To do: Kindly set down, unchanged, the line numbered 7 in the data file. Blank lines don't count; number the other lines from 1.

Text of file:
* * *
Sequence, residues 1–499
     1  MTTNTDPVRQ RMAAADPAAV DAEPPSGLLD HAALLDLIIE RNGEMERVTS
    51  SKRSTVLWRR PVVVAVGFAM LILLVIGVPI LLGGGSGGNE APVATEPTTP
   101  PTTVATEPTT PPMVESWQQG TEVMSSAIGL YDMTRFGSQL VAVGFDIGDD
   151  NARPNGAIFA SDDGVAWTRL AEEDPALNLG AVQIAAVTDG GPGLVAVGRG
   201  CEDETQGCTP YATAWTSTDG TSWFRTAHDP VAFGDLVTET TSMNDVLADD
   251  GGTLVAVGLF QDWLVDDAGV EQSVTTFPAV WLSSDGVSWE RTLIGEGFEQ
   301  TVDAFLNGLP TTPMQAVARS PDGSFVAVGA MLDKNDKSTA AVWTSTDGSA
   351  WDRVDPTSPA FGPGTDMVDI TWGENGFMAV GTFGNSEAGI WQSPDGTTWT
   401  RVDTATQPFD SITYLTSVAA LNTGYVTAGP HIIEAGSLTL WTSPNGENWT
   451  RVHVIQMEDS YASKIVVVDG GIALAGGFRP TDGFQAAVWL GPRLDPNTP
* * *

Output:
   251  GGTLVAVGLF QDWLVDDAGV EQSVTTFPAV WLSSDGVSWE RTLIGEGFEQ